It’s critical to also focus at least a quarter ahead; if the pipeline is extremely light for the following quarter, and you know the deal cycle is more than 90 days, this gives you warning that something has to happen fast. I always have a section on the next quarter ‘look forward’ and the rest of the year, so we have the full picture.
What pipeline generation activities are the reps planning for the year?
Hint: waiting for their SDR (Sales Development Rep) to book them meetings or just relying on inbound from Marketing isn’t really an “active strategy”.
Who are they planning on targeting, why and how? I see lots of teams focusing on deals in the pipe but almost no focus with the AEs on what their own strategy and priority is for generating pipeline.
Pipeline generation must be a constant focus–pipeline is oxygen, pipeline makes you less desperate and pipeline ensures a much higher chance of hitting numbers. This needs to be its own section.
Is there anything they’d like to work with Marketing on, whether it be this quarter or in the near future?
The best performing organisations have extremely strong alignment between Marketing and Sales, with common goals. There’s no point in having thousands of MQLs (Marketing Qualified Leads) if they’re not the right ICP (Ideal Customer Profile) or they’re not going to close.
Similarly, you’ll find poor outcomes when AEs 1) don’t communicate with Marketing about the accounts they are prioritising 2) share the success when a great lead comes in and closes, and 3) don’t give feedback as to why certain leads are good or bad.
What is their strategy for working with Partners (if applicable)?
A company that has a well run partner programme, which is a difficult and enormous undertaking when done correctly, essentially expands their salesforce and influence by multiples. For startups this can be a challenge to properly run and gain share of thought in the partner, but once a company has traction and great case studies it’s often an extremely beneficial additive to the team. This probably warrants a whole separate blog post, on what a great partner programme looks like and how it runs.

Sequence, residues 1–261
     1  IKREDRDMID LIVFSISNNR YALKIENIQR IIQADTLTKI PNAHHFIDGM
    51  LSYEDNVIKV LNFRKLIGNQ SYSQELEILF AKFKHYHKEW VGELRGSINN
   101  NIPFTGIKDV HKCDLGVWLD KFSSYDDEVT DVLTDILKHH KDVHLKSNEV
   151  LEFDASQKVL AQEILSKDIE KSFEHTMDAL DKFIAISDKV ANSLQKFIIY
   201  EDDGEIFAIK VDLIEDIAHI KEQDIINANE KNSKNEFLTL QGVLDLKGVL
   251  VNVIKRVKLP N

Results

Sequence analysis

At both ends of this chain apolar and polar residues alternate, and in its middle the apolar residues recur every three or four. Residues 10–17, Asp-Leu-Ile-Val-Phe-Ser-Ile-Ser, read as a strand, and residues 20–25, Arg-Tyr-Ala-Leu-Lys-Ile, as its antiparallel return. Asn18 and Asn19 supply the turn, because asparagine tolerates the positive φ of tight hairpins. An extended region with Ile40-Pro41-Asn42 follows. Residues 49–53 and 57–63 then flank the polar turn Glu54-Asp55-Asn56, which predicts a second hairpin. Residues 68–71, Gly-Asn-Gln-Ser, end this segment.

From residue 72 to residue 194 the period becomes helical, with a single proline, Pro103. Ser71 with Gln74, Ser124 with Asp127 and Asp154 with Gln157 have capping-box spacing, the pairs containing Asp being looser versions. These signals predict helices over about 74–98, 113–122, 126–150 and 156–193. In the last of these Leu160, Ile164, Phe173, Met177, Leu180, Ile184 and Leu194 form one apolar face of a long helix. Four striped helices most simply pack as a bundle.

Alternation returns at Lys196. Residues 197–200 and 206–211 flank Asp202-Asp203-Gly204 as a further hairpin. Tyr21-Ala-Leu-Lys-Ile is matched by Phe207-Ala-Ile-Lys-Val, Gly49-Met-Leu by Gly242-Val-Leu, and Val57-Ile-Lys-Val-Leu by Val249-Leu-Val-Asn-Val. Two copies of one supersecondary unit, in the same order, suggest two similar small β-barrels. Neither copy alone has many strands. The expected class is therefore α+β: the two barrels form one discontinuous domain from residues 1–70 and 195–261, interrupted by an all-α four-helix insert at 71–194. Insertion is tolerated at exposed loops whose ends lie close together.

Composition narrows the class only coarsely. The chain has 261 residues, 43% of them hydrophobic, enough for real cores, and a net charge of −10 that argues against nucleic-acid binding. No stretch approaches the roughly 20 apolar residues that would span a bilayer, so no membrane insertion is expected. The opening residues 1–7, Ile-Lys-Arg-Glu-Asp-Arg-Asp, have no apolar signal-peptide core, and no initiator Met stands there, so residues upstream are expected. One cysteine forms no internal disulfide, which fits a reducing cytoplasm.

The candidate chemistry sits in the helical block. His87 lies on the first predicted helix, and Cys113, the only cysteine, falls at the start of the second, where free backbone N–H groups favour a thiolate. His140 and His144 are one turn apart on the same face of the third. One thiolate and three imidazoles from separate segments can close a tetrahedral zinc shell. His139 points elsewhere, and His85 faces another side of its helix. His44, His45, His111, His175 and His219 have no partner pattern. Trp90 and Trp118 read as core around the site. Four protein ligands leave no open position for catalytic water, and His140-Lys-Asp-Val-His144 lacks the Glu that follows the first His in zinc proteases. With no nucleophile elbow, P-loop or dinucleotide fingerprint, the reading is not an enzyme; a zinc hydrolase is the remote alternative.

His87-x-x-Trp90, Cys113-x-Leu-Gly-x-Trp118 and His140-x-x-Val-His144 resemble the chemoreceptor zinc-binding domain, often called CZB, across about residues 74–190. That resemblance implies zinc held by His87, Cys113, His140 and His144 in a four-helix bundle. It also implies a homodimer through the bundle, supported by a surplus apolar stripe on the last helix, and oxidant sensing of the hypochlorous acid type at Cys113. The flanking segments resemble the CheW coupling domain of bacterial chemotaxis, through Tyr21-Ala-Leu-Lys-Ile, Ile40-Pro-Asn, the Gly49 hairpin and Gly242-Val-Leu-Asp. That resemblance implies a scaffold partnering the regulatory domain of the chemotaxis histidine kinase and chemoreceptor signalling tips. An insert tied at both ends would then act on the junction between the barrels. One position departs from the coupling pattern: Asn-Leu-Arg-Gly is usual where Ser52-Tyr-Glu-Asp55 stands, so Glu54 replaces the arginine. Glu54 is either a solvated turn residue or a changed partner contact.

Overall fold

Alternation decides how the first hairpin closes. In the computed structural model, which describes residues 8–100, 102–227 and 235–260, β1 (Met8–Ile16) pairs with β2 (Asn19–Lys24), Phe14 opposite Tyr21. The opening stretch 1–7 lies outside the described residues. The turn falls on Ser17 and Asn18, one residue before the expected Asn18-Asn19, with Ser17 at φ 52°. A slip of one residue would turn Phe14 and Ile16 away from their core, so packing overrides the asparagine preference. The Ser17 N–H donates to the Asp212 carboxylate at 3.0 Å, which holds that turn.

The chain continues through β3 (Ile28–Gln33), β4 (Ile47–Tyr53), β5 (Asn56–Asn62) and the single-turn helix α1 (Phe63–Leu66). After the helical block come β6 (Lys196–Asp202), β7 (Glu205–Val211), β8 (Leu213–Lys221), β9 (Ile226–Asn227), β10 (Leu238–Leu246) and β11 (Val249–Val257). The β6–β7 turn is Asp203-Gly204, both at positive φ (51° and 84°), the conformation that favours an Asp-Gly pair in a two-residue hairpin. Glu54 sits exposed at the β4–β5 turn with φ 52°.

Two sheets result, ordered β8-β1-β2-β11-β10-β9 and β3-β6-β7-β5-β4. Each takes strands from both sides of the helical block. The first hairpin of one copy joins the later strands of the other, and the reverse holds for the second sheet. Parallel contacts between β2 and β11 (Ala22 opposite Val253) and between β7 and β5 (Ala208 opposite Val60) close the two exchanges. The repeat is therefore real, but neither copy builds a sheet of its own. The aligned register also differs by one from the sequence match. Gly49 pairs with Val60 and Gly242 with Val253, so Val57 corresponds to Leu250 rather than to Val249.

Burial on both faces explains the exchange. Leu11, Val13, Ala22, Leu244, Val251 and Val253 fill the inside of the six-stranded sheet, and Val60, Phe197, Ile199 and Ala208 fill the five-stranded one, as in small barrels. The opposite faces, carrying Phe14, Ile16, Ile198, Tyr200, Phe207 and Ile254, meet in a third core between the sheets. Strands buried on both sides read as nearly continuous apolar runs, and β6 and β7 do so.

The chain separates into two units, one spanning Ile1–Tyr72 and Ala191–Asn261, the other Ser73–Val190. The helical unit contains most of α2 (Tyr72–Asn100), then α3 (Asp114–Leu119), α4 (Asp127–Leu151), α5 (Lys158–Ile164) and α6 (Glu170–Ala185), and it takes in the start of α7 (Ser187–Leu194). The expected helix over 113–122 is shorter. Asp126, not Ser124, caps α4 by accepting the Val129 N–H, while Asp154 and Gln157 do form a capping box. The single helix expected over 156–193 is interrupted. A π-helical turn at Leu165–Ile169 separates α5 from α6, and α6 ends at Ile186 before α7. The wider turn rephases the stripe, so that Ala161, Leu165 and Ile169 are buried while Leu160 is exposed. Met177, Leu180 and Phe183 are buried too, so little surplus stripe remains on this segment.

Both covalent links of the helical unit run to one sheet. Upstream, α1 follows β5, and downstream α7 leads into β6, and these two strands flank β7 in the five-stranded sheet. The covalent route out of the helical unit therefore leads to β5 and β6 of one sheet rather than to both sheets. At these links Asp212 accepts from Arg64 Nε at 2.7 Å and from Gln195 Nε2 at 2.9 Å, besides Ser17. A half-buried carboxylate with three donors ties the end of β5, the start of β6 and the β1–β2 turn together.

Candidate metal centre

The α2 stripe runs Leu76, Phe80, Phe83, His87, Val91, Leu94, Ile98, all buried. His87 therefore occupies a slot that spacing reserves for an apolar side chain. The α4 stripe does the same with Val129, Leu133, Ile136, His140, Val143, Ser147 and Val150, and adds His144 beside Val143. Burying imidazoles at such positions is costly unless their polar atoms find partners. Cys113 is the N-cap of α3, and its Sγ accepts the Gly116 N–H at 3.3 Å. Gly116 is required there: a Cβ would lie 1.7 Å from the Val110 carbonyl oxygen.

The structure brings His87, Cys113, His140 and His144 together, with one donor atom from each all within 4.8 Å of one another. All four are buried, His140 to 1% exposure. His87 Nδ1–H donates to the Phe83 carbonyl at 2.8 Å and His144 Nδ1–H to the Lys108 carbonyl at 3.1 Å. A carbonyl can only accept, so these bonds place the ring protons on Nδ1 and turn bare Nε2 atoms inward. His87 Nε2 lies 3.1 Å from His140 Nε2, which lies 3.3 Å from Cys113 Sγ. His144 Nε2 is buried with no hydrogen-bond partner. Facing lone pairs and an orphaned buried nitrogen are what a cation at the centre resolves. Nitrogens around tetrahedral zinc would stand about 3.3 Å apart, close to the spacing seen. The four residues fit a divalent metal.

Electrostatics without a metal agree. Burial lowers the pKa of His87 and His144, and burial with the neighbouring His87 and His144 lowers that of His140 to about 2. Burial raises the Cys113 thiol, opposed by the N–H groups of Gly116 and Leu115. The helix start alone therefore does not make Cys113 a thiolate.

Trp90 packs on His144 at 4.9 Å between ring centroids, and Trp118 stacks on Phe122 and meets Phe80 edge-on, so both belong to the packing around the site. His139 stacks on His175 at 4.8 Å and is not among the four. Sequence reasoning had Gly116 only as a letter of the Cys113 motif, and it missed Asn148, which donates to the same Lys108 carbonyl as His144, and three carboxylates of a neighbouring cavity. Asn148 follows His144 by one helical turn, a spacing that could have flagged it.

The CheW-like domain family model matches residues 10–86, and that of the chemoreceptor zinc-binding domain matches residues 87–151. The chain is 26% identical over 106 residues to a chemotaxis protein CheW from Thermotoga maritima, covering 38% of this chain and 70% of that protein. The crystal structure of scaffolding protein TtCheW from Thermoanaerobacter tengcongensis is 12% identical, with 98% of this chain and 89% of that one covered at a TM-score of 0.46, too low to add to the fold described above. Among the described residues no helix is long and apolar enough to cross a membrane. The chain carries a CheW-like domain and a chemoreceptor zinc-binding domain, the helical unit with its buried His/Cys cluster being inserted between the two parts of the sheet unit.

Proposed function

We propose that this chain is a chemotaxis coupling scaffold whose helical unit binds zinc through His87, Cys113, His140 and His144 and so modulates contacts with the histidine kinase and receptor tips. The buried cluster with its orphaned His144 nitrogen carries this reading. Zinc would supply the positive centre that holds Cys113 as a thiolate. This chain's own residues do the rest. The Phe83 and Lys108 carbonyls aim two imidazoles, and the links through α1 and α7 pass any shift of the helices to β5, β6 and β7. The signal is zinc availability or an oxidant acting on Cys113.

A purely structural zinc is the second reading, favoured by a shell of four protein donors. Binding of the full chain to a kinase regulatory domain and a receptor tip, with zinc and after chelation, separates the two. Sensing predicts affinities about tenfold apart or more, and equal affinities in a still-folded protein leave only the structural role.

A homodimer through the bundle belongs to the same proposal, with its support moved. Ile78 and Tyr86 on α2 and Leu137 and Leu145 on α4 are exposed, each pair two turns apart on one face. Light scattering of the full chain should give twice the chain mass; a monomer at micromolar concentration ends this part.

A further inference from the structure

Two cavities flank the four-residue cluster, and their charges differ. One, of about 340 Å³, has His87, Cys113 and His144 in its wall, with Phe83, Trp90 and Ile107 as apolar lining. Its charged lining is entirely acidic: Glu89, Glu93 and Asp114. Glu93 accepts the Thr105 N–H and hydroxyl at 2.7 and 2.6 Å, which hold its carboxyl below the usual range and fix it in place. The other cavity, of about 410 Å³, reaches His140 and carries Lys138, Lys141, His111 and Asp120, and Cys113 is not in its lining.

What are the territory’s Strengths, Weaknesses, Opportunities, Threats?
These are often misjudged:
A really strong sales rep is always looking for what’s impacting the territory and adjusting their pitch and discussions accordingly. A QBR is a great place to discuss with a wider audience and have the back and forth as to how to take advantage of Strengths and Opportunities and how to mitigate Weaknesses and Threats. I always ask my reps to have a mitigation slide in their deck as well; how would they plan to adjust or combat these negatives.
It’s important to have an ongoing overview of the entire territory to ensure the ICP accounts are actually being worked and not just hoarded. There are lots of templates out there for this, but it does not need to be complicated.
“I’ve been through great QBRs and pretty worthless QBRs in my time in sales. For me, the most effective are rooted in honesty, collaboration and being data-driven. They’re not about ‘thumping your chest’. They’re not about saying what someone else wants to hear. They’re about using the collective wisdom of the attendees to put you on a better path than you would have been without them.” - Nils Marchand, SVP Sales, SecureLink
Wrapping it up
There are a lot of topics to cover in a QBR, and hopefully this guide will help you create a template that’s right for your business. I’d advise getting these scheduled in weeks 2 or 3 of the new quarter, so there’s plenty of time to manoeuvre afterwards as a result and diaries can be blocked.
Have some fun with these as well! I always start with a pretty robust sugar hit for everyone and ensure that throughout the - often long - day, the team is well fed. QBRs often can be an intense experience. But when they’re run as a way to genuinely share where the rep is and with the ability to reflect honestly and receive advice, feedback and validation of the pipeline and territory, you’ll find enormous benefits across the whole business and a more aligned team overall.